Dopamine is related to wanting – to desire. The attainment of the object of our desire releases dopamine into our brains and we feel good. Conversely, the frustration of our desires starves us of dopamine, causing anxiety and fear.

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    One of the greatest desires is romantic love – the long-lasting, “till death do us part” kind. It’s no surprise, then, that romantic love is sustained, at least in part, through the constant flow of dopamine released in the presence – real or imagined – of our true love. Loss of romantic love cuts off that supply of dopamine, which is why it feels like you’re dying – your brain responds by triggering all sorts of anxiety-related responses.

    Herein lies obsession, as we go to ever-increasing lengths in search of that dopamine reward. Stalking specialists warn against any kind of contact with a stalker, positive or negative, because any response at all triggers that reward mechanism. If you let the phone ring 50 times and finally pick up on the 51st ring to tell your stalker off, your stalker gets his or her reward, and learns that all s/he has to do is wait for the phone to ring 51 times.

    Romantic love isn’t the only kind of desire that can create this kind of dopamine addiction, though – as Captain Ahab (from Moby Dick) knew well, any suitably important goal can become an obsession once the mind has established ownership.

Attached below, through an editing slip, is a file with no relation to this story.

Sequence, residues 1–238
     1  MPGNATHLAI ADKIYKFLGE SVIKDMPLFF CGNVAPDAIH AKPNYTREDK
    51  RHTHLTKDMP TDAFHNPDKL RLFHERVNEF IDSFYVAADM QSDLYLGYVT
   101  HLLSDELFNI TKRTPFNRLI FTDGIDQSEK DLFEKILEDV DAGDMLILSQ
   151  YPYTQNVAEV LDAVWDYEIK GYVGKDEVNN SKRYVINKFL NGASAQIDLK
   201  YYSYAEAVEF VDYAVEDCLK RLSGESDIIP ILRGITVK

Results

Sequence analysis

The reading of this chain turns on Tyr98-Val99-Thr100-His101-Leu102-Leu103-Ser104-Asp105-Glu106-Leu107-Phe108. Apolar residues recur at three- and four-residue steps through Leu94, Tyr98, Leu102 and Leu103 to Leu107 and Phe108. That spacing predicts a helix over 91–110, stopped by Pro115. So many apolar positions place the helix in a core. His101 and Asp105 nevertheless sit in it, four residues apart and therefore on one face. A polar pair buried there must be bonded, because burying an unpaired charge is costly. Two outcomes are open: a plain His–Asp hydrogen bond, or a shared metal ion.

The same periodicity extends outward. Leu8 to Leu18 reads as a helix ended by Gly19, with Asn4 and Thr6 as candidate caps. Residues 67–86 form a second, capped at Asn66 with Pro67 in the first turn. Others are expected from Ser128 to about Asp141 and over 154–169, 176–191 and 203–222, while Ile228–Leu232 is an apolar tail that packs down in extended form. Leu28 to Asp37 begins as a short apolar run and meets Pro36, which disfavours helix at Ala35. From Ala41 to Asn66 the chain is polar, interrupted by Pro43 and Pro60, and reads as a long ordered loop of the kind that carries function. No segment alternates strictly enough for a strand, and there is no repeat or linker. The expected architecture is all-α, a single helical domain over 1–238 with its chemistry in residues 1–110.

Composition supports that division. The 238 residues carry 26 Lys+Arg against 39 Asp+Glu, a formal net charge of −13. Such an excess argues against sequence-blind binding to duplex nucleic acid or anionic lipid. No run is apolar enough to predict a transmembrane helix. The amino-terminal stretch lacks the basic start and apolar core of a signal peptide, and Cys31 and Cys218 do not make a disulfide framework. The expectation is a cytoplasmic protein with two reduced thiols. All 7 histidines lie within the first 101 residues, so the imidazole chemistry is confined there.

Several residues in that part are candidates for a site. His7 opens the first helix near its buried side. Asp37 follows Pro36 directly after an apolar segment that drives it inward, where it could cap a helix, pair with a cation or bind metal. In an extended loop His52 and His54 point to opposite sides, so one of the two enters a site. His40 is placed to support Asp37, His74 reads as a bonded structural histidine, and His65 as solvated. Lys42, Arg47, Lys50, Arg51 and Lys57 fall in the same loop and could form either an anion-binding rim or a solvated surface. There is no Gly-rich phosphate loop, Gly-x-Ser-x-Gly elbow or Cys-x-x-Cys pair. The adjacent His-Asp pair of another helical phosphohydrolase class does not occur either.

The Neurology of Ownership

    Ownership turns out to be about a lot more than just legal rights. When we own something, we invest a part of ourselves into it – it becomes an extension of ourselves.

    In a famous experiment at Cornell University, researchers gave students school logo coffee mugs, and then offered to trade them chocolate bars for the mugs. Very few were willing to make the trade, no matter how much they professed to like chocolate. Big deal, right? Maybe they just really liked those mugs![2]

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    But when they reversed the experiment, handing out chocolate and then offering to trade mugs for the candy, they found that now, few students were all that interested in the mugs. Apparently the key thing about the mugs or the chocolate wasn’t whether students valued whatever they had in their possession, but simply that they had it in their possession.